It's not hard to picture the scene. Lobster boat crew racing to get the bands on their newly-hauled catch. It's a dangerous job. A lobster pinch can tear the flesh off of a finger, and even badly bruise a gloved hand. Not to mention lobsters wounding each other and rendering the catch worthless.

It's also not hard to picture hundreds -- thousands -- of these little bands going overboard. Who would give a second thought to a little rubber band? Just grab another one. They're sold in bulk, all over the world. (How many bands -do- you get for a 25 lb. carton?) If you Google "lobster bands" you get some 2,840 hits. It's a big business.

Sadly, as I was learning with my beach-combing, these lost bands don't sink to the bottom of the ocean, to be covered by sediment and become future fossils. They don't melt into nothing, disappearing back from where they came. They simply don't go away.

Monday, May 10, 2010

Ground Rules

OK. It's one thing -- a big thing -- to have the energy to do something about a problem.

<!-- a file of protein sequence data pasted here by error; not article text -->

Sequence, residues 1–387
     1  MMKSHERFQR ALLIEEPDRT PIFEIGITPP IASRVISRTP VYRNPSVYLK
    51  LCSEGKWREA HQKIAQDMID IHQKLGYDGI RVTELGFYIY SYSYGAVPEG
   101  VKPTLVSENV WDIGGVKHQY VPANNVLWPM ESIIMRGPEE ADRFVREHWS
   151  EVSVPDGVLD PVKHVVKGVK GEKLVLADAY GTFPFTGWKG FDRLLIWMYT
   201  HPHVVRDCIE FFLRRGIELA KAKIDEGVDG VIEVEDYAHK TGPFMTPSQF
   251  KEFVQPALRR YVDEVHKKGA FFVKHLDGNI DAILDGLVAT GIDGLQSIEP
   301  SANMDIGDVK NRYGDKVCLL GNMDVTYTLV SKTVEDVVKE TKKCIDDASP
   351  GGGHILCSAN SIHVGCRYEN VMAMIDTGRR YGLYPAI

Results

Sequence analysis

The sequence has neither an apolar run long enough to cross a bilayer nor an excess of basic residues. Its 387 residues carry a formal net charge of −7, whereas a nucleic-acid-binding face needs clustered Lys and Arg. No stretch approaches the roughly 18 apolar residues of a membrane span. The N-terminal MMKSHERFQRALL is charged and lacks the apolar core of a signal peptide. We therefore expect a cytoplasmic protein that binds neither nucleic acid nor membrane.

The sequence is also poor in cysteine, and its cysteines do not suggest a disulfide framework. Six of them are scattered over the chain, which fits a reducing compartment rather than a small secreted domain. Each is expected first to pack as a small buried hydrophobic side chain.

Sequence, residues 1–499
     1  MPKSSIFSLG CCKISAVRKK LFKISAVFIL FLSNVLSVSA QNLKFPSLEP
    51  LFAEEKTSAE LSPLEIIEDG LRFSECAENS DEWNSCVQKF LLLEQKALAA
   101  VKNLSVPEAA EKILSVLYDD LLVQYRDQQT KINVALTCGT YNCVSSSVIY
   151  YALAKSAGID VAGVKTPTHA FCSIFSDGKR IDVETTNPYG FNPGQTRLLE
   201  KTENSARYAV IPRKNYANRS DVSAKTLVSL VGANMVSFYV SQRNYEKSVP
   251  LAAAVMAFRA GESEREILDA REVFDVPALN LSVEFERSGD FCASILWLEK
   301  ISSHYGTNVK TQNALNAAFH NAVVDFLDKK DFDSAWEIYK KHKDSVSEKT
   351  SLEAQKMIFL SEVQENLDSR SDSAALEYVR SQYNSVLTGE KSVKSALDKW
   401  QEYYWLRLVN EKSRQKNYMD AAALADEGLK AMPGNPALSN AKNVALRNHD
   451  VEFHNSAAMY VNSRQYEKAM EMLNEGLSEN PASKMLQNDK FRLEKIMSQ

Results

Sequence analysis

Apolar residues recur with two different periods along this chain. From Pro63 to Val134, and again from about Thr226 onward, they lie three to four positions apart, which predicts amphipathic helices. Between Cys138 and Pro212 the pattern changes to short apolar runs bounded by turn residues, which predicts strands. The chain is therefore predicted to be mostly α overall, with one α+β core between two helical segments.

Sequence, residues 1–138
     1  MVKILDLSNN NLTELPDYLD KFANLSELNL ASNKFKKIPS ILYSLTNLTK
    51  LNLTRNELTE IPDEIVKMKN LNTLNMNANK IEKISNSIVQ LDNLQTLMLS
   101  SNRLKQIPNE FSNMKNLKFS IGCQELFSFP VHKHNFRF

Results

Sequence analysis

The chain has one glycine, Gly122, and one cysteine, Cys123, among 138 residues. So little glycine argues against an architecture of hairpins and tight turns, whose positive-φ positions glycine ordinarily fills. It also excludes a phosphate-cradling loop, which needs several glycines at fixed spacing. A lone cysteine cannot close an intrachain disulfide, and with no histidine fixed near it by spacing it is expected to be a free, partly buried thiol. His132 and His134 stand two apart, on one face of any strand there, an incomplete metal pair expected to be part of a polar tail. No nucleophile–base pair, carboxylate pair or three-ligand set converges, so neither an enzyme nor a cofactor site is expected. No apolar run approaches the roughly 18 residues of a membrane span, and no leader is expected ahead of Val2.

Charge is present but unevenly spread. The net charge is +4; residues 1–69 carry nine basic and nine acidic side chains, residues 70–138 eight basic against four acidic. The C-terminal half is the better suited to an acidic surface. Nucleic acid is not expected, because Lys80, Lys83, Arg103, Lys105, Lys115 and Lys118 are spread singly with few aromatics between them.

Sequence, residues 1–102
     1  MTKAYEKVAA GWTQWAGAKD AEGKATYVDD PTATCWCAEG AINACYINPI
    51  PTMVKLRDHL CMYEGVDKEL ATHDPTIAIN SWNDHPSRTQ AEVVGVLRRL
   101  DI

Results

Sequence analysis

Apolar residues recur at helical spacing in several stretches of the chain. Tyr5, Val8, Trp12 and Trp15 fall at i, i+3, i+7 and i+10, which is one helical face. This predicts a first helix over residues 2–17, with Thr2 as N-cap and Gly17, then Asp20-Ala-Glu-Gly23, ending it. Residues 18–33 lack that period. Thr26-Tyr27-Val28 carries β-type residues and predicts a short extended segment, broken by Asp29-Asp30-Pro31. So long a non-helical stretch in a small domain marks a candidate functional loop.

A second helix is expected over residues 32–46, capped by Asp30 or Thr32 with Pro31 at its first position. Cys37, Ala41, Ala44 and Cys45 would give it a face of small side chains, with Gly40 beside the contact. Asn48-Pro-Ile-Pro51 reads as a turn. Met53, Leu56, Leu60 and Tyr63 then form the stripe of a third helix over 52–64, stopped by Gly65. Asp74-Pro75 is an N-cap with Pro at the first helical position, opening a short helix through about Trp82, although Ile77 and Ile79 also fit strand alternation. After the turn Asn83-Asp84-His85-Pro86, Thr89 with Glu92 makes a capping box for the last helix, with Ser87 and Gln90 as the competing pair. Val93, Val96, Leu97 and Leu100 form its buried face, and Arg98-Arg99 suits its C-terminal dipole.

It's another to know what you want to do, and how to measure your progress. It's not enough to say "The beach is trashed!" Or to pick up a random bagfull here and there and hope to learn anything useful about it. I had to set some guidelines.

What was I trying to do? Well, my first goal was (and is) to learn. Of all the questions swirling around in me, two were key: where was the trash coming from, and how fast was it coming? Wandering aimlessly, picking up bits here and there, wouldn't help answer. I thought about my first two trips. Both were pretty much the same: a stroll up and down the same stretch of beach, walking the apparent high-tide line, looking for generally easy-to-spot garbage. No heavy digging, no "cheating" by padding the trash count from an untouched section of beach.

It turned out, these seemed like pretty good controls. I could do this repeatedly, and start keeping track of what I found this way, week to week. With luck, I might be able to learn something. Score.